To celebrate the official print release of Our Beautiful Reward on March 16th (virtual release party Sunday the 19th, you’re invited!), I asked some of the contributors a few of the questions foremost on my mind. It’s been too long since we’ve run many interviews here, and I’ve missed it; getting to know writers and how they think and feel has been one of the most rewarding aspects of Reckoning for me since the beginning. I hope their answers prove as enlightening to you as they have been to me.
We’re posting one mini-interview a day til we run out.
Riley Tao’s “Hangs Heavy On Their Head” (which you can read online here) is a delightfully inventive flash story narrated by some human hair motivated to make both the attached body and the earth a healthier, more nurturing place.
Michael: How do the tools of speculative writing help you to think and communicate about what’s being done to personal freedoms around our bodies?
Riley: It’s painful to think about the specifics of how trans bodies (or bodies in general, but this is where my knowledge is most personal) are being policed, and wrapping that pain in the vehicle of fiction allows me to handle emotionally difficult topics in more depth and with more objectivity than I would otherwise.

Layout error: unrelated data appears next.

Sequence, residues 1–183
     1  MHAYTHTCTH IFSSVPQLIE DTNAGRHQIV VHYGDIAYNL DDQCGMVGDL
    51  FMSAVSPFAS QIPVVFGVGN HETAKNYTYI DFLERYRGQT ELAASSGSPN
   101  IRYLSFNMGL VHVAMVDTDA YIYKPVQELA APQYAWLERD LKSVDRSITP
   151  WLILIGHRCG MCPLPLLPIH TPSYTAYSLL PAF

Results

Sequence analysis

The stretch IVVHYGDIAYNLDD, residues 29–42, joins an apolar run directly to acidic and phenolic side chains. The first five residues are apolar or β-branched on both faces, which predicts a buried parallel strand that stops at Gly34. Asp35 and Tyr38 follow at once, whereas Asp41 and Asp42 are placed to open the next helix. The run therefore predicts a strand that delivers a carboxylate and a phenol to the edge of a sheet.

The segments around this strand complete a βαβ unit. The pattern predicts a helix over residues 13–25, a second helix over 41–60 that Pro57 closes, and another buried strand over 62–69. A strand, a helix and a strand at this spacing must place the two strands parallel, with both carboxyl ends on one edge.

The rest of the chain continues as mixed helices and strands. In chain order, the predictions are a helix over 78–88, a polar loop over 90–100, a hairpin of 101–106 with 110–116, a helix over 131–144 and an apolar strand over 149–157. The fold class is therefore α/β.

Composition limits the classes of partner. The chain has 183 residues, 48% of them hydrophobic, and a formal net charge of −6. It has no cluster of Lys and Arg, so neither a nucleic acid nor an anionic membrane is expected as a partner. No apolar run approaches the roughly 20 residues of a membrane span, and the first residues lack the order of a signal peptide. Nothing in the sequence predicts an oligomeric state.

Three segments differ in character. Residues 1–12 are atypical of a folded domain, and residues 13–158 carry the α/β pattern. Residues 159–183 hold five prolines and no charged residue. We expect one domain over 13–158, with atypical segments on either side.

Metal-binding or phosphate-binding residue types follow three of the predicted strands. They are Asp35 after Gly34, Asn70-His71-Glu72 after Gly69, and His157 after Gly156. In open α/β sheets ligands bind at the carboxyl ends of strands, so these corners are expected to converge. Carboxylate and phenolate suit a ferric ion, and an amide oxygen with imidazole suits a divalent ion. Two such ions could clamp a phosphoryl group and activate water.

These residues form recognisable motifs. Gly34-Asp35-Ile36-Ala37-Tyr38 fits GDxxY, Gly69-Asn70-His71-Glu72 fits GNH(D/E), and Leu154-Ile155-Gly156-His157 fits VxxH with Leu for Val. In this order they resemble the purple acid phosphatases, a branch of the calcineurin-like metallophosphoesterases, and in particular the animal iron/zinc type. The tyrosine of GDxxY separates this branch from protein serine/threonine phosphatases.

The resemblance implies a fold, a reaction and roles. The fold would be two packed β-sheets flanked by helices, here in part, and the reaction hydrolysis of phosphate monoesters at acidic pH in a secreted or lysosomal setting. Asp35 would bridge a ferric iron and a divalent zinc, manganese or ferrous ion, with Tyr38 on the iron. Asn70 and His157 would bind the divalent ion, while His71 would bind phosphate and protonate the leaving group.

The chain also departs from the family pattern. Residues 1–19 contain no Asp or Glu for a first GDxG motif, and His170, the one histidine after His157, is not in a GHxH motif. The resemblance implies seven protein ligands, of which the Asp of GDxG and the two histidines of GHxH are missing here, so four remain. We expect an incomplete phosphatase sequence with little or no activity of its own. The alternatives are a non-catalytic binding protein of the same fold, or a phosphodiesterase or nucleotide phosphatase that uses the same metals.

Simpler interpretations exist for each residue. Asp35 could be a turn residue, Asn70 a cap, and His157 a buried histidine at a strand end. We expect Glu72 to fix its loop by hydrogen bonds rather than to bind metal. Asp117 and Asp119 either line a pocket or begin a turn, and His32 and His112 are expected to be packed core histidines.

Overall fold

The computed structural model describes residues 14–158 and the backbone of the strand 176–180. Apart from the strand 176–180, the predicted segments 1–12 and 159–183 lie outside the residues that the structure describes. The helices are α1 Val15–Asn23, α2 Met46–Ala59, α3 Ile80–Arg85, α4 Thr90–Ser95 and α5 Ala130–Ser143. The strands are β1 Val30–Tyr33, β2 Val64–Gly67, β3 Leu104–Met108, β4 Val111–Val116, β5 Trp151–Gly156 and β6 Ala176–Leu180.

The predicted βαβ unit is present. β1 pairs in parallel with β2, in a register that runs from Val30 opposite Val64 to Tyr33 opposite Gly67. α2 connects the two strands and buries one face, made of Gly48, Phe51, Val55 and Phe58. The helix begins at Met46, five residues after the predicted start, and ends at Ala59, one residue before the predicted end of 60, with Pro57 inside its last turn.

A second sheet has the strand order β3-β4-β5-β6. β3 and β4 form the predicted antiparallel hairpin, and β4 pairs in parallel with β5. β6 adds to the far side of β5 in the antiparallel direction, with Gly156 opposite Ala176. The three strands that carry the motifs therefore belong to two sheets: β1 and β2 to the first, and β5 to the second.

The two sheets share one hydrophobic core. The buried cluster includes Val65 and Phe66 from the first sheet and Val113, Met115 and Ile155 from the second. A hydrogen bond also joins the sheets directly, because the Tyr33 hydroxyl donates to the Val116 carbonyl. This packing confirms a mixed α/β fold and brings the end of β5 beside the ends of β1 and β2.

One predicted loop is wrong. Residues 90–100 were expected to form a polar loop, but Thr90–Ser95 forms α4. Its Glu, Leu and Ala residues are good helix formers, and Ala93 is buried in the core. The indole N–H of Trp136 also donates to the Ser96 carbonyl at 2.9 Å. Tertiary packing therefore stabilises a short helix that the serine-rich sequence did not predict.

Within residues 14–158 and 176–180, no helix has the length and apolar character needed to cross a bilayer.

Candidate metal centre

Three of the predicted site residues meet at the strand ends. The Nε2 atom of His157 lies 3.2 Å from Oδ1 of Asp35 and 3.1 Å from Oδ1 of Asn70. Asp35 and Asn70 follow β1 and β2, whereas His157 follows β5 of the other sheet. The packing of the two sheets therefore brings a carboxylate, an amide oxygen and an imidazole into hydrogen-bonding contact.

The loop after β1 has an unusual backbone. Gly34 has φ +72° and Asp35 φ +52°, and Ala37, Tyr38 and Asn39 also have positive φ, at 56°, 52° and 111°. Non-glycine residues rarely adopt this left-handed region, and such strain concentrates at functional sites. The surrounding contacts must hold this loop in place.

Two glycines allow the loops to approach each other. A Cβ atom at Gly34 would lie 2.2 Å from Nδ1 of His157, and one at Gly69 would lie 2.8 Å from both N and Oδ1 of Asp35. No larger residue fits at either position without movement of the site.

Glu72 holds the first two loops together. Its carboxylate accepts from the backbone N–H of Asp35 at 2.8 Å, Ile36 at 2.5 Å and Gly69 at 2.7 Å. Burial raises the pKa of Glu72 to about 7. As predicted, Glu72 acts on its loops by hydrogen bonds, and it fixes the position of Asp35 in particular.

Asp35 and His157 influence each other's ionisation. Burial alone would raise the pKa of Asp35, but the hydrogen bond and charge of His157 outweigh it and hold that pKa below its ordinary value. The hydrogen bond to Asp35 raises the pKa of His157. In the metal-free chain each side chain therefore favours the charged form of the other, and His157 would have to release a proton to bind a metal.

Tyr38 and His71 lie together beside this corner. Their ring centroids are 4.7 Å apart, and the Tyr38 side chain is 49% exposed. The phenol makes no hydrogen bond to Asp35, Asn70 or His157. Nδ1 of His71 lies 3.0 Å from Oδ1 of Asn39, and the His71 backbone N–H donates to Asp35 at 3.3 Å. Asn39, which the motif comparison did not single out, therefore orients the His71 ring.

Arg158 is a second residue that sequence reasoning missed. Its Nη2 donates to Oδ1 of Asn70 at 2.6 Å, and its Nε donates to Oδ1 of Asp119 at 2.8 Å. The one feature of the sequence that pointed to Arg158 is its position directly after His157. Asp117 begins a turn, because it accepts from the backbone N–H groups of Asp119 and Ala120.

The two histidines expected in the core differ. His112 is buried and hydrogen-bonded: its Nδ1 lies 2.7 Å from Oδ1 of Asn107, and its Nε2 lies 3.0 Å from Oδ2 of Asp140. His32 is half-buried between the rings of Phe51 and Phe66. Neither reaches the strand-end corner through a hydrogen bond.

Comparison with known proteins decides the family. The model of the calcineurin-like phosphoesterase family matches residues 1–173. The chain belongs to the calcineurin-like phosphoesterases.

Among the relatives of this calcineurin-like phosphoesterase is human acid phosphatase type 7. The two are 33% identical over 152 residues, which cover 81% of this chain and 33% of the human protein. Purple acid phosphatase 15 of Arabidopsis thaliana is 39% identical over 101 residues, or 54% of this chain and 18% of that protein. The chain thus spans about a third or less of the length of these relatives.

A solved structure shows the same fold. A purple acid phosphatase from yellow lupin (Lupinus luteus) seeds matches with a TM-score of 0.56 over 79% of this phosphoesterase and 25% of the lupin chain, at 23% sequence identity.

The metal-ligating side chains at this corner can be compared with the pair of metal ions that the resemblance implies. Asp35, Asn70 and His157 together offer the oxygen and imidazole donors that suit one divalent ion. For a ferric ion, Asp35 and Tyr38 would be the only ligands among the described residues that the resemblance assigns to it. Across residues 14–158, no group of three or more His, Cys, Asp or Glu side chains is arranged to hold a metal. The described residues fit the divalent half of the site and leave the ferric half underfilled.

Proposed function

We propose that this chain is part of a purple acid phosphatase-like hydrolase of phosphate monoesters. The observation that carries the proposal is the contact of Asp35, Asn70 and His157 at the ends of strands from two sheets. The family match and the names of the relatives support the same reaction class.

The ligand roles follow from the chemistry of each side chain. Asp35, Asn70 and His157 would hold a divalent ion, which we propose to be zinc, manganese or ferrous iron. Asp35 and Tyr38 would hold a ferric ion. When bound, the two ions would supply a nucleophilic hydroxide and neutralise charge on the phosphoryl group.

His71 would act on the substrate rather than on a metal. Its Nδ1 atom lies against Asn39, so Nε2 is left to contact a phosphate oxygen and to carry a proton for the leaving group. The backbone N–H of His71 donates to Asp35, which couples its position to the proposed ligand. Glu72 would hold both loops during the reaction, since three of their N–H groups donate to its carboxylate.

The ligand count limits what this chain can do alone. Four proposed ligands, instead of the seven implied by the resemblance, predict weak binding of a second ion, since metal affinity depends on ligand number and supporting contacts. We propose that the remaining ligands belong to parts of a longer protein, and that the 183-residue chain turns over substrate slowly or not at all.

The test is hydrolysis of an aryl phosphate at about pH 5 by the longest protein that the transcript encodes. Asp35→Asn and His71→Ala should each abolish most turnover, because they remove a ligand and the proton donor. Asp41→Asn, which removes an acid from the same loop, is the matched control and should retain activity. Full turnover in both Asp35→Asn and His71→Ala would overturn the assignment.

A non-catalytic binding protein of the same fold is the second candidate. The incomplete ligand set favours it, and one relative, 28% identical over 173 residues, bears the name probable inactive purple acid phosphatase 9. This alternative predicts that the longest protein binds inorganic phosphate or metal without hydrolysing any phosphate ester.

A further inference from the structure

Michael: What are you reading and thinking about that helps put this issue in perspective for you?
Riley: Strangely, it helps for me to read the actual text of laws that are being passed. Sometimes they are disturbingly short; other times their length exceeds my ability to care about. But either way, the bone-dry language in which they are written also helps me achieve that distance that I need in order to clearly think about the situation.
Michael: Tell us, if you’d like, about something you’re doing, outside of writing, to make the world a less hostile and dystopian place for human beings with bodies to exist in?
Riley: Some internet communities make the world better than they make it worse. I’ve tried to grow a couple of my own.
Michael: Thank you!